The analysis also shows that the potential to which precise W and Z cross sections can provide useful constraints on PDFs is not limited by the now very high experimental precision, but rather by the uncertainty of the currently available theory calculations. The salient results of this paper are thus of fundamental importance for forthcoming high-precision measurements, such as the mass of the W boson, and also represent a strong incentive for further improving the theory of Drell-Yan scattering in proton-proton collisions.

    Links:

    Precision measurement and interpretation of inclusive W+, W− and Z/γ∗ production cross sections with the ATLAS detector, https://arxiv.org/abs/1612.03016

    See the full article here .

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  • richardmitnick 1:14 pm on December 16, 2016 Permalink | Reply
    Tags: CERN ATLAS, The Trouble with Terabytes, Worldwide LHC Computing Grid   

    From CERN ATLAS: “The Trouble with Terabytes” 

    CERN ATLAS Higgs Event

    CERN/ATLAS
    ATLAS

    14th December 2016
    Katarina Anthony

    2
    Computing at CERN

    2016 has been a record-breaking year. The LHC surpassed its design luminosity and produced stable beams a staggering 60% of the time – up from 40% in previous years, and even surpassing the hoped for 50% threshold.

    While all of the ATLAS experiment rejoiced – eager to analyse the vast outpouring of data from the experiment – its computing experts had their work cut out for them: “2016 has been quite a challenge,” says Armin Nairz, leader of the ATLAS Tier-0 operations team. Armin’s team is in charge of processing and storing ATLAS data in preparation for distribution to physicists around the world – a task that proved unusually complex this year. “We were well prepared for a big peak in efficiency, but even we did not expect such excellent operation!”

    “Data-taking conditions are constantly changing,” says Armin. “From the detector alignment to the LHC beam parameters, there is never a ‘standard’ set of conditions. One of our key roles is to process this information and provide it along with the main event data.” This job, called the ‘calibration loop’, can take up to 48 hours. Countless teams verify and re-verify the calibrations before they are applied in subsequent bulk reconstruction of the physics data.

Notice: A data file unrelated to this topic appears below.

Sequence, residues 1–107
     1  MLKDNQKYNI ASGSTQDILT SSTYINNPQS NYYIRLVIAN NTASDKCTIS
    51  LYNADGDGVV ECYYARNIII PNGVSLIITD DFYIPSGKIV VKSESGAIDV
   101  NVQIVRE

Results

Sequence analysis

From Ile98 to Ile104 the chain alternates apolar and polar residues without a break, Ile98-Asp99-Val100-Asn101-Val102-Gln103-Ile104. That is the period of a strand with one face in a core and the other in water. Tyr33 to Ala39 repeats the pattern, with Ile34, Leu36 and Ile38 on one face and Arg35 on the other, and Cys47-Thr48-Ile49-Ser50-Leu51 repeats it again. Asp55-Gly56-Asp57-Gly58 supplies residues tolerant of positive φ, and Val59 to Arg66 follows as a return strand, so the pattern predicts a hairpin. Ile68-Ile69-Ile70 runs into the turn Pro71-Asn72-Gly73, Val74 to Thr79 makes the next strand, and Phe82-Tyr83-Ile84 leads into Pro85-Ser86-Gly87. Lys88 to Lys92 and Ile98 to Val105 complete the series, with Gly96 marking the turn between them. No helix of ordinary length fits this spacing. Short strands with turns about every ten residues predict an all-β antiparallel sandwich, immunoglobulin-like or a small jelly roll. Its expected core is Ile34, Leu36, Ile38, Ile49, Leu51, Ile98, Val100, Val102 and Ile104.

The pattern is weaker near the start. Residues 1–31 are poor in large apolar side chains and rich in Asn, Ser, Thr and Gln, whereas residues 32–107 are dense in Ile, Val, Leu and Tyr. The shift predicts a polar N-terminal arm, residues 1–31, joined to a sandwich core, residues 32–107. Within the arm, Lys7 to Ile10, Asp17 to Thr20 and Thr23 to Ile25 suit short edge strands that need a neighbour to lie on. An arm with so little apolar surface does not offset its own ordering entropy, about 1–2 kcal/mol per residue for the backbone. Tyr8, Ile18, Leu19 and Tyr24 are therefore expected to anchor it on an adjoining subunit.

Before 2016, the Tier-0 team would have a 10 to 12 hour break between each LHC beam fill. This gave their servers some breathing room to catch up with demand. “In the weeks leading up to the ICHEP conference, the LHC was working almost too perfectly,” says Armin. “At one point, it operated at 80% efficiency. This meant there were very short breaks between runs; just 2 hours between a beam dump and the next fill.”

    The CERN IT department provided an extra 1000 cores to help the ATLAS team cope with ever-growing demand. However, it soon became clear that that would not be enough: “We had to come up with a new strategy,” explains Armin. “We needed a way to grow Tier-0 without relying on more computers on-site.” Their solution: outsource the data reconstruction to the Worldwide LHC Computing Grid.

    To accomplish this feat, Armin’s Tier-0 team joined forces with the ATLAS Distributed Computing group and the Grid Production team. “Together, we had to train the Grid to process data with a Tier-0 configuration in the much-needed short time scale,” says Armin. “We experimented with lots of different configurations, trying to steer the jobs to the most appropriate sites (i.e. those with the best, quickest machines).”

    This was quite an arduous task for an already-busy team, though it proved very effective. “Despite overwhelming demand during ICHEP, we were able to shepherd copious amounts data into physics results,” says Armin. “In the end, the data presented at the conference was just 2 weeks old!”

    The Tier-0 team will be ready should such a situation arise again. “Although this solution took enormous effort, it was ultimately successful,” concludes Armin. “However, ATLAS computing management are now preparing to add new computing resources in 2017, in the hopes of avoiding a similar situation. We have also used this experience to help improve our reconstruction software and workflow, bettering our performance as the year went on.” After all, an experiment is only as valuable as the data it collects!

    About the Grid

    The Worldwide LHC Computing Grid is a global collaboration of computer centres. It is composed of four levels, or “Tiers”. Each Tier is made up of several computer centres and provides a specific set of services. Between them the tiers process, store and analyse all the data from the Large Hadron Collider.

    ATLAS Tier-0, located at the CERN data centre, has about 800 machines, with approximately 12,000 processing cores. This allows 12,000 jobs to run in parallel, and up to 100,000 jobs are run per day. During data-taking, the ATLAS online data-acquisition system transfers data to Tier-0 at about 2 GB/s, with peaks of 7 GB/s.

    See the full article here .

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  • richardmitnick 4:25 pm on December 6, 2016 Permalink | Reply
    Tags: 2016: an exceptional year for the LHC, , , , CERN ATLAS, , ,   

    From CERN: “2016: an exceptional year for the LHC” 

    Cern New Bloc

    Cern New Particle Event

    CERN New Masthead

    CERN

    6 Dec 2016
    Corinne Pralavorio

    1
    This proton-lead ion collision in the ATLAS detector produced a top quark – the heaviest quark – and its antiquark (Image: ATLAS)